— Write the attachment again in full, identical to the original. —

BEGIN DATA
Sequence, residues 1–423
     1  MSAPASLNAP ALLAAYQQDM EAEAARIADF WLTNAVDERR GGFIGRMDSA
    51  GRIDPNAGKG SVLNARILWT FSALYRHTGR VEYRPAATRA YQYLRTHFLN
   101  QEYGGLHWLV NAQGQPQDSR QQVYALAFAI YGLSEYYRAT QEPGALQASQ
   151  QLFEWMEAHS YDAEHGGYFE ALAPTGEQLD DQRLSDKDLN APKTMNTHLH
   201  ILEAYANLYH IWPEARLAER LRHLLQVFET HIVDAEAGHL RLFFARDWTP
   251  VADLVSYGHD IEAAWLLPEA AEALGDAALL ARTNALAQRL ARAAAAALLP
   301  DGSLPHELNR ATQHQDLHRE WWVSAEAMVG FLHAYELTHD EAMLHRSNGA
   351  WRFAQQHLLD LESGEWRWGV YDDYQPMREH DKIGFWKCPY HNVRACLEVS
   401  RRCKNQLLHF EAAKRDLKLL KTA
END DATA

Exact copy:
Sequence, residues 1–423
     1  MSAPASLNAP ALLAAYQQDM EAEAARIADF WLTNAVDERR GGFIGRMDSA
    51  GRIDPNAGKG SVLNARILWT FSALYRHTGR VEYRPAATRA YQYLRTHFLN
   101  QEYGGLHWLV NAQGQPQDSR QQVYALAFAI YGLSEYYRAT QEPGALQASQ
   151  QLFEWMEAHS YDAEHGGYFE ALAPTGEQLD DQRLSDKDLN APKTMNTHLH
   201  ILEAYANLYH IWPEARLAER LRHLLQVFET HIVDAEAGHL RLFFARDWTP
   251  VADLVSYGHD IEAAWLLPEA AEALGDAALL ARTNALAQRL ARAAAAALLP
   301  DGSLPHELNR ATQHQDLHRE WWVSAEAMVG FLHAYELTHD EAMLHRSNGA
   351  WRFAQQHLLD LESGEWRWGV YDDYQPMREH DKIGFWKCPY HNVRACLEVS
   401  RRCKNQLLHF EAAKRDLKLL KTA